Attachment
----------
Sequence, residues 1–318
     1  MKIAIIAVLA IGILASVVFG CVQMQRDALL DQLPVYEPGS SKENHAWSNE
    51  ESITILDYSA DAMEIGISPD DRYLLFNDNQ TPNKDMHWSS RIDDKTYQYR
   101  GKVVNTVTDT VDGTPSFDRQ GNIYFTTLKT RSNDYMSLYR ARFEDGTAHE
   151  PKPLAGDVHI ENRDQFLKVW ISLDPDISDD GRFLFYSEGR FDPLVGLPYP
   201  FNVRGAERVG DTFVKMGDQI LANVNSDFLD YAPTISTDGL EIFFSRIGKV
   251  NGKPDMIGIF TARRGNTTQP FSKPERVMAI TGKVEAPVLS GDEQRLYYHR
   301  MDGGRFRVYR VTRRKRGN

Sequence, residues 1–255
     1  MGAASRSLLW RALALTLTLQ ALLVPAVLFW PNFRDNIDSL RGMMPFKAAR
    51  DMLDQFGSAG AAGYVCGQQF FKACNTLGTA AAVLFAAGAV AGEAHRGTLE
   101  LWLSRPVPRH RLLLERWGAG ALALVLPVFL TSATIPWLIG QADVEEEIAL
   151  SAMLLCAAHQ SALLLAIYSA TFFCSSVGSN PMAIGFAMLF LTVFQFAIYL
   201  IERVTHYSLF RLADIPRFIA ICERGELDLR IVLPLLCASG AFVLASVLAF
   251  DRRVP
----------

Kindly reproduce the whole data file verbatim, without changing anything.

Sequence, residues 1–318
     1  MKIAIIAVLA IGILASVVFG CVQMQRDALL DQLPVYEPGS SKENHAWSNE
    51  ESITILDYSA DAMEIGISPD DRYLLFNDNQ TPNKDMHWSS RIDDKTYQYR
   101  GKVVNTVTDT VDGTPSFDRQ GNIYFTTLKT RSNDYMSLYR ARFEDGTAHE
   151  PKPLAGDVHI ENRDQFLKVW ISLDPDISDD GRFLFYSEGR FDPLVGLPYP
   201  FNVRGAERVG DTFVKMGDQI LANVNSDFLD YAPTISTDGL EIFFSRIGKV
   251  NGKPDMIGIF TARRGNTTQP FSKPERVMAI TGKVEAPVLS GDEQRLYYHR
   301  MDGGRFRVYR VTRRKRGN

Sequence, residues 1–255
     1  MGAASRSLLW RALALTLTLQ ALLVPAVLFW PNFRDNIDSL RGMMPFKAAR
    51  DMLDQFGSAG AAGYVCGQQF FKACNTLGTA AAVLFAAGAV AGEAHRGTLE
   101  LWLSRPVPRH RLLLERWGAG ALALVLPVFL TSATIPWLIG QADVEEEIAL
   151  SAMLLCAAHQ SALLLAIYSA TFFCSSVGSN PMAIGFAMLF LTVFQFAIYL
   201  IERVTHYSLF RLADIPRFIA ICERGELDLR IVLPLLCASG AFVLASVLAF
   251  DRRVP